Postglacial recolonization of much of Europe by wild boar was a complex process which is still not well recognized. Studying genetic diversity of the present populations can help us better understand their origins and recolonization routes from the southern refugia. In the recent study, published in the journal Scientific Reports, we studied variation in mitochondrial DNA of European wild boar populations. We identified five phylogenetic clades in Europe with clear phylogeographic pattern. Two of them occurred mainly in western and central part of the continent, while the range of the third clade covered North-Eastern, Central and South-Eastern Europe. The two other clades had geographically restricted distribution. In Central Europe, we identified a contact zone of three main mtDNA clades and this is where the highest genetic diversity was observed. During the post-glacial times, Central and Eastern Europe was probably recolonized by wild boar belonging to at least two western clades and one large, diverse clade from south-eastern Europe. However, the contribution of mtDNA lineages originating from the southeast (the Dinaric-Balkan region and the northern coast of the Black Sea) to the wild boar population in Central and Eastern Europe is larger than that of clades originating from western and south-western part of the continent (southern France, Iberian, and Italian Peninsulas). The present work was the first mitogenomic analysis conducted in Central and Eastern Europe to study genetic diversity and structure of wild boar.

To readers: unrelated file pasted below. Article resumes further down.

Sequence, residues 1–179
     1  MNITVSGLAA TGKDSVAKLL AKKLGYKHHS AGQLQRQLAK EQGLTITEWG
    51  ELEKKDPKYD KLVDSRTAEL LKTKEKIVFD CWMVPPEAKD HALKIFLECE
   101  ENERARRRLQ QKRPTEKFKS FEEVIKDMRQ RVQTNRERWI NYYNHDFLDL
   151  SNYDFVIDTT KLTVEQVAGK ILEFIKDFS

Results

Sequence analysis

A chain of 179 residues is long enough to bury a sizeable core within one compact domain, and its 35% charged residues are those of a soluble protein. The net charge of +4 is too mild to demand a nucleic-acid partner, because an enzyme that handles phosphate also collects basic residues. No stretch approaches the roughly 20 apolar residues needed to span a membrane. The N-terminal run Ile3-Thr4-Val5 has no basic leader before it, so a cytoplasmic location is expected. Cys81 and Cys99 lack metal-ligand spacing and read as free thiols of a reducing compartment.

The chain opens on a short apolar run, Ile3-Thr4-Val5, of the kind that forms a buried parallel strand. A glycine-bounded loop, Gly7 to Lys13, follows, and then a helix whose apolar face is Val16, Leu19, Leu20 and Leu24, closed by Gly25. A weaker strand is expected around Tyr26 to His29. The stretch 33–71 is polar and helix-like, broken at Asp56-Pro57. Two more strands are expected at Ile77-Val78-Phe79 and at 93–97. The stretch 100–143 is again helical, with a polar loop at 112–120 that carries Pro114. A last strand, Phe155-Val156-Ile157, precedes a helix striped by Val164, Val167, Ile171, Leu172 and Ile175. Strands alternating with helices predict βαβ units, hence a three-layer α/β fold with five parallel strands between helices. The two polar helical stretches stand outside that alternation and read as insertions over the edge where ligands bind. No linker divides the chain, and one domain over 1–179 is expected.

Niedziałkowska M. – Tarnowska E. – Ligmanowska J. – Jędrzejewska B. – Podgórski T. – Radziszewska A. – Ratajczyk I. – Kusza Sz. – Bunevich A. N. – Danila G. – Shkvyria M. – Grzybowski T. – Woźniak M. (2021). Clear phylogeographic pattern and genetic structure of wild boar Sus scrofa population in Central and Eastern Europe. Scientific Reports 11(1): 9680.